Tea Pots & Tea Varieties

I have recently within the last year acquired a great love for tea, teapots and the like. Since coffee does not agree with my IBD, I’ve tried warm tea, since it seems that even hot water will bother me. One self-care item, I actually set a goal for myself to save up some money for a tea/beverage cart so I can display my beautiful collection. At the end of a hard, exhausting day, I truly look forward to grabbing my kettle, brewing a batch of tea and mixing some honey and lemon in. Some people spoil themselves with a glass of wine, I spoil myself with tea add-ons and trying different types of tea!

Journaling/Bullet Journaling

I know journaling sounds a lot like a diary to many people, but that couldn’t be farther from the truth. There are many different planners and journals that help you get started with your goals, as well as following up with them and making sure they are achieved. I work several part-time jobs that definitely make me a little crazy in different moments if I’m at the wrong place at the wrong time.

My handy planner has been a life-saver for me, as well as my appointment keeper. It keeps me on schedule with deadlines, events and the planners I’ve personally used have always had some touch of goal-setting involved within the pages themselves. There are many online to pick from; browsing on Amazon may help you find one, may lead you to another website that may have one for you or you can always go to your closest retail store. (The ones I’m currently using right now are actually from Target.)

What do you define as self-care and how do you make sure that you implement it into your daily life when you find yourself stressed, tired and especially when you’re in a flare?


See entire article here: 2018 Goals for Self-Care – CrohnsDisease.com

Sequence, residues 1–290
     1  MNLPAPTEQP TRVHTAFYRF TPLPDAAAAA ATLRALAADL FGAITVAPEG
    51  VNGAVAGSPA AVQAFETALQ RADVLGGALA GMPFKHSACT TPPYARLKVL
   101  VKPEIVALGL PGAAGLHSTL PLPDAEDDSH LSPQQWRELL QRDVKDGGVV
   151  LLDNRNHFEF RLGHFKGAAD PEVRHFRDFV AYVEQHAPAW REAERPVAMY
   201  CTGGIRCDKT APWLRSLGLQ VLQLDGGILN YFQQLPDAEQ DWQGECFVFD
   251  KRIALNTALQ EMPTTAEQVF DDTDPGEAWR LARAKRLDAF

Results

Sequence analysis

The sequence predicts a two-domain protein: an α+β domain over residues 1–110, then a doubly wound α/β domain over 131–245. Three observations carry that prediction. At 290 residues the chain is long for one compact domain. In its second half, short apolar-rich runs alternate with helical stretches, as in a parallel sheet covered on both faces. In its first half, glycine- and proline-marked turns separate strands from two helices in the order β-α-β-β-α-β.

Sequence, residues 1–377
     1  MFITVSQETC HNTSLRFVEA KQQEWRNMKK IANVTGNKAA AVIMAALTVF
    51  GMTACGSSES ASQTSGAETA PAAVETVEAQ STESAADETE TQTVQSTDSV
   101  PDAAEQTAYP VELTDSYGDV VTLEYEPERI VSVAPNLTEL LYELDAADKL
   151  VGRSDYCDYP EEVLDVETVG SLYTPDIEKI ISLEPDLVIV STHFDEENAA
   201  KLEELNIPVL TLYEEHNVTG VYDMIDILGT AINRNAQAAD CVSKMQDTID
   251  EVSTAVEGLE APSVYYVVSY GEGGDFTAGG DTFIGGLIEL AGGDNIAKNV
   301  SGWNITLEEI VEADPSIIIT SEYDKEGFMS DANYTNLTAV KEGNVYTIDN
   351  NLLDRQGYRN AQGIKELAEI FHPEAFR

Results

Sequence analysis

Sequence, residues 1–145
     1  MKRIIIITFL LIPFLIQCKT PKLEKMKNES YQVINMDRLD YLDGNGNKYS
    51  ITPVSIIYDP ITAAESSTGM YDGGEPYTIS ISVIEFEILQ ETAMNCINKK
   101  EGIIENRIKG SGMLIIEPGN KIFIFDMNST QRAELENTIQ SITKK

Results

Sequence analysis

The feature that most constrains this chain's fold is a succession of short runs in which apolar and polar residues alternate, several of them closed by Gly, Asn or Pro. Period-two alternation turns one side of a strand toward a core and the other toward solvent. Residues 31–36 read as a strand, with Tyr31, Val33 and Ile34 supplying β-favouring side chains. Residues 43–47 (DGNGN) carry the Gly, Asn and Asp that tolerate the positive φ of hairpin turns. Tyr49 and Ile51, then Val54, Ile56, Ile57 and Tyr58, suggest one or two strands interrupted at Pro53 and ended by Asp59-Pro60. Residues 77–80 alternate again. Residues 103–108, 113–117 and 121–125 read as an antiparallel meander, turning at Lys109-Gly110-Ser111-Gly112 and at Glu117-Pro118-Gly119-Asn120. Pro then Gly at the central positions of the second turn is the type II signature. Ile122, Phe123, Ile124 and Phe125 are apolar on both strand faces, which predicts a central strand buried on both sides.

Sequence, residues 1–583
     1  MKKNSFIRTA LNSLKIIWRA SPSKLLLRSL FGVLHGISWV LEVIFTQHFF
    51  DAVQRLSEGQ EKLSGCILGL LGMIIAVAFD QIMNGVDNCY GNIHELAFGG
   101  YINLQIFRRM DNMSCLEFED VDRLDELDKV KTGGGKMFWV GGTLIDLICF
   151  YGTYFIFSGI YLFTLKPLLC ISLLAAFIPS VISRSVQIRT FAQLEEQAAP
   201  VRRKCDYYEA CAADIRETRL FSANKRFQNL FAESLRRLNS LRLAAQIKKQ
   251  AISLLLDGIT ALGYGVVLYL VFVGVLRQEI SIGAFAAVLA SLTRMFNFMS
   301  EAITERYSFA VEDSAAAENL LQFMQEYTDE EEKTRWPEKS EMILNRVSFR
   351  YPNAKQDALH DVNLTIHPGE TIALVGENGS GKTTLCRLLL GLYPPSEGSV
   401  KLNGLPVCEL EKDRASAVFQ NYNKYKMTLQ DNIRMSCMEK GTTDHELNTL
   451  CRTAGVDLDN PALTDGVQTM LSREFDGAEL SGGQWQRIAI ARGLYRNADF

When I Distance Myself

Recently, I found myself around other advocates for an annual summit we do all together. When it came time to get ready for the event, I knew I had to start changing things up, because I had been “in hiding” for some time – not as active within the community, finding it hard to relate to others with certain subjects, and when it came down to it, I needed a break from “being sick.” Now, when I say “taking a break,” that doesn’t mean I went into remission or my symptoms finally went away because I told myself I needed to step away from a few things.


See the entire article at: When I Distance Myself – CrohnsDisease.com

What Should I Ask OF My Care Team

Diagnosis of IBD can be incredibly difficult. Without an education of more than basic Human Anatomy & Physiology in most college courses, many people don’t know how detailed the human digestive tract really is. When first researching IBD, you’ll quickly realize how confusing some articles can be, what false information (and false hope) people want to feed you. So, it can be confusing what you even want to ask on your next few visits with your GI/care team.




Read the FULL article here: What Should I Ask OF My Care Team on CrohnsDisease.com